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Top 3 Controllable Factors in Energy Cost Management
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Commercial and industrial energy management and cost reduction strategies typically hinge on weather, market conditions, and historical usage. But in the face of looming pandemic-related uncertainty such as re-openings, shutdowns, and travel limitations, other factors can come into play as well.
Despite many unknowns, there are still ways to manage energy costs in colleges, universities, office buildings, hospitals, and other facilities. These energy management strategies can empower facility and supply managers to have greater control over keeping risk and cost at target levels.
1. The Energy Contract
You can’t control the weather, the economy, or the energy market—all factors that directly affect energy expenditure or costs—but it’s possible to facilitate a more agile response to changing conditions by working with an energy supplier with continuous market access, trading expertise, and fundamental intelligence.
Working with an energy professional grants access to customized structures and procurement options that aren’t available through local utility companies.
For example, many facilities employ contracts with a fixed price based on full requirement deals with swing tolerance provisions. These deals procure power or gas based on best-fit usage, ensuring a reliable supply, while allowing a predetermined amount of over- or under-usage without penalty. There are also index-based contracts, which follow market fluctuations and allow for additional price flexibility.
Market expertise is imperative in optimizing energy cost solutions. However, most facility managers have much more pressing responsibilities than navigating the ever-changing complexities of the energy market. Utilize the trading resources of your energy expert. A knowledgeable representative will be able to perform cost analysis and advise you on a customized solution for your business, including insight into the impacts of abnormal or unexpected changes in usage.
Shell Energy has provided a valuable resource for C&I natural gas customers to navigate various energy risk products and services. View the Natural Gas 101 guide here.
2. Facility Efficiency
Increased efficiency saves on energy costs, supports sustainability goals, and may be incentivized or mandated by cities and states. Lighting represents the largest single use of energy in commercial buildings, according to the Energy Information Administration, closely followed by heating and cooling. It follows that improving HVAC and lighting system infrastructure can translate into significant energy savings.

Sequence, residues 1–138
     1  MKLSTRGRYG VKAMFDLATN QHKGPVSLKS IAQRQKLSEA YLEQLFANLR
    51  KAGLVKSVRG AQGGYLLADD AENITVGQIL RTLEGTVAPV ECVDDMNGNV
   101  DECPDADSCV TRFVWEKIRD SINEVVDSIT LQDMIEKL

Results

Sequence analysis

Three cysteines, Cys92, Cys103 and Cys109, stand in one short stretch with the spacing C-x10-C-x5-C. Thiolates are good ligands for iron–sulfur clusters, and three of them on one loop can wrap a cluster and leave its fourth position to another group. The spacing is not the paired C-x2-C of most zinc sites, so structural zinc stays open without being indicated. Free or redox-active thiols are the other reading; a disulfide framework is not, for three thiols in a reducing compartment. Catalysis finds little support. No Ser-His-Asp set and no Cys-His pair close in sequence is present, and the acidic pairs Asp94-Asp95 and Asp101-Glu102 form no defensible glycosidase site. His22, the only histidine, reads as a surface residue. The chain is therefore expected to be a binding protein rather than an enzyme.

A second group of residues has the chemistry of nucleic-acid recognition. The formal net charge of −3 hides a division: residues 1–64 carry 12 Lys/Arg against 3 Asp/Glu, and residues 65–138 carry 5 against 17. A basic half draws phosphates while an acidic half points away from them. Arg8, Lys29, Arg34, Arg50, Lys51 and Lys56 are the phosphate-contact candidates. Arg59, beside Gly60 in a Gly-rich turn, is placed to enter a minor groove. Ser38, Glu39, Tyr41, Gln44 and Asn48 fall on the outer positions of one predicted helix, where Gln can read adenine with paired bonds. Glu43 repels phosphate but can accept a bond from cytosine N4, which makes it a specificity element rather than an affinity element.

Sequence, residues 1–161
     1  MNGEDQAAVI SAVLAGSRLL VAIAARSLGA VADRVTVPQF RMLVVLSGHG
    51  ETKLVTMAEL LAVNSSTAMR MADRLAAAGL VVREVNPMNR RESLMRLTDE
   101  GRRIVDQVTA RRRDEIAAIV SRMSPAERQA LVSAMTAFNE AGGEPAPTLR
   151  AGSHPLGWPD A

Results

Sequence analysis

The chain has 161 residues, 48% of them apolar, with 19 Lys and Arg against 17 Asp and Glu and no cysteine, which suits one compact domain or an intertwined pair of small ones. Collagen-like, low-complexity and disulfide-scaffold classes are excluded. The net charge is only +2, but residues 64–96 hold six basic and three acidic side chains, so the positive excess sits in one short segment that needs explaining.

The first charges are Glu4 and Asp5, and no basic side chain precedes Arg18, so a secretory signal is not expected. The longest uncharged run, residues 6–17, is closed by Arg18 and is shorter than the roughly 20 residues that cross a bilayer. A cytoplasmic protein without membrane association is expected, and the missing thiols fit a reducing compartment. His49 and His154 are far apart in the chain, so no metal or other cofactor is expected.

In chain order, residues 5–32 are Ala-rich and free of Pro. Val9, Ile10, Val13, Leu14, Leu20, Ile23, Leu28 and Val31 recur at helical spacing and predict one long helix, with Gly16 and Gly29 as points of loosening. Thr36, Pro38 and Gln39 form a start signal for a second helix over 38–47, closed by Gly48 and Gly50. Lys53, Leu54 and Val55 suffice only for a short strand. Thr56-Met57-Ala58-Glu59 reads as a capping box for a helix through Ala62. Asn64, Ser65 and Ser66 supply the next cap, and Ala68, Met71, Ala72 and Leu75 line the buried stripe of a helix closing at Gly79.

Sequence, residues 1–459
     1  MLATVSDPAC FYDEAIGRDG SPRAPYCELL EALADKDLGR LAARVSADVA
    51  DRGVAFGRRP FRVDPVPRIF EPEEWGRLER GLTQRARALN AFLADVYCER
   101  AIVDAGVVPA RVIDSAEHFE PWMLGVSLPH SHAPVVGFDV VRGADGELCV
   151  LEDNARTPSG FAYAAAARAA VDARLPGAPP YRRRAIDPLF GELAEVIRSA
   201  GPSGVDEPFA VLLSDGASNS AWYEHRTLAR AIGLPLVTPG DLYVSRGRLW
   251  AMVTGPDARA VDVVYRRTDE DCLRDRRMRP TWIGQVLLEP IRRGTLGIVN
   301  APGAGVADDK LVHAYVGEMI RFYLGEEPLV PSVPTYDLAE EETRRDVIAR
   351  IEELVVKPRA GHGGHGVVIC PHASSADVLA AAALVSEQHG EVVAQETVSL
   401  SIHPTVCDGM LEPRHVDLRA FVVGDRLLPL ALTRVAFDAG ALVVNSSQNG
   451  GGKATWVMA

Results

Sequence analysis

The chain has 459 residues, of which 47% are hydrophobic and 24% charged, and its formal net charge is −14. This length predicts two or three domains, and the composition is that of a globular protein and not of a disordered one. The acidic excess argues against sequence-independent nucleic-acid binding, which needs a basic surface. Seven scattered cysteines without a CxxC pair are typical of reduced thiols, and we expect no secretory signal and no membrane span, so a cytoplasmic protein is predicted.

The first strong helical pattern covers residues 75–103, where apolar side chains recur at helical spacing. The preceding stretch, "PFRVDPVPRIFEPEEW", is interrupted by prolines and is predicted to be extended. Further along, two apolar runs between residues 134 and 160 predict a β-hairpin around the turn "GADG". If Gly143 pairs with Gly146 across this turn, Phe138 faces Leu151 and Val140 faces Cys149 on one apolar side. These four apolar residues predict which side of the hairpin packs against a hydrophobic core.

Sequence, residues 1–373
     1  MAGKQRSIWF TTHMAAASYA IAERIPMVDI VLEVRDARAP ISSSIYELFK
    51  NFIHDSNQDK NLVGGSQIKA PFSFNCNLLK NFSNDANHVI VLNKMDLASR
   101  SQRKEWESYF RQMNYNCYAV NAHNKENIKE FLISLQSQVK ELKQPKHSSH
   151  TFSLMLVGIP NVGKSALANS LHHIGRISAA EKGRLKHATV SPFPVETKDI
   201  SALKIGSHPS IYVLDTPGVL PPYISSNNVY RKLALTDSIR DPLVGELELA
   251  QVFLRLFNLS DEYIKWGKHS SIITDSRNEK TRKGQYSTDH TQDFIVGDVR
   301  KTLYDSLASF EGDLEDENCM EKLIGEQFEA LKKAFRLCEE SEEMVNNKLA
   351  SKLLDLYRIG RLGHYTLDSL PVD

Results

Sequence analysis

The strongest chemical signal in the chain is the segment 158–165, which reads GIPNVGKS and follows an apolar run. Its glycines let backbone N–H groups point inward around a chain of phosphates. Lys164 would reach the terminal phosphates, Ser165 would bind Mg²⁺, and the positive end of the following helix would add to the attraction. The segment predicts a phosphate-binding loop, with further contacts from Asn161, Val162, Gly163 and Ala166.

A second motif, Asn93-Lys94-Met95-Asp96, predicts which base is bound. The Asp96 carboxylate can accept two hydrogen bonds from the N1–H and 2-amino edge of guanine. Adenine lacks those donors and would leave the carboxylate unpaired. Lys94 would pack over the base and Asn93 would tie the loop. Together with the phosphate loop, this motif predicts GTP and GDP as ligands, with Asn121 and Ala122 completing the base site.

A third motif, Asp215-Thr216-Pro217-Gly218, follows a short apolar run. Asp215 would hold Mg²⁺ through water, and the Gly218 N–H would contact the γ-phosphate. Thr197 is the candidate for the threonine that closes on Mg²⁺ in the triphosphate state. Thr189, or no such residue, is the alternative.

Energy companies may assist with this effort through Distributed Energy Resource (DER) offerings. DER portfolios vary, but many include smart, high-efficiency lighting, HVAC, or other infrastructure improvements within the scope of larger onsite projects.
For some facilities, infrastructure updates are often deferred based on other business priorities. Shell Energy can assist with creative and appropriate financing mechanisms that allow customers to meet sustainability goals and reduce energy expenses in an economic manner, without an upfront investment.
3. Load Shifting, Resiliency and Storage
Even if you can’t control how much power your business requires overall, you might benefit from changing when you use it. At its core, load shifting (also called peak shaving) is the practice of moving power usage to off-peak times to save on energy costs. For example, manufacturers may choose to run certain industrial operations in the middle of the night instead of during the day, when energy is less in demand and more affordable.
Peak shaving and demand response program participation is made easier through aggregated DERs and energy management systems. Both of these options can provide real-time insights which empower energy use decisions, provide actionable early alerts about over-usage, and allow users to actively manage load imbalances.
They may also include advanced capabilities such as automated infrastructure responses to changes in energy consumption, on-site generation, and behind-the-meter storage. In areas where demand response programs operate, facilities may even be able to create a new revenue stream by selling power generated onsite back to the grid. For natural-gas powered generation, a customized natural gas contract may be layered in to provide additional cost management and optimize returns.
Together, these aggregated solutions can achieve greater cost savings and support ambitious sustainability goals, as seen in the case of the first net-zero elementary school in Texas. Despite the inherent uncertainty of today’s markets, facilities have many options when it comes to reducing energy usage and costs.
If you have questions, experts at Shell Energy are available to assist in exploring options available in your area.
About the Authors:
Priscilla Partida, Manager of U.S. Retail Account Management at Shell Energy North America, is a graduate of Rice University with 15+ years of experience at Shell. Her focus is the delivery of optimal natural gas solutions to C&I facilities across the United States.
Patrick Scott, Sr. Originator, Shell Energy North America, brings 15 years of robust trading experience to the Shell Energy team. He applies his deep background in power generation, operations, transport, Real-Time, and Day-Ahead trading in his customer-facing role.
This article was written and sponsored by Shell Energy North America.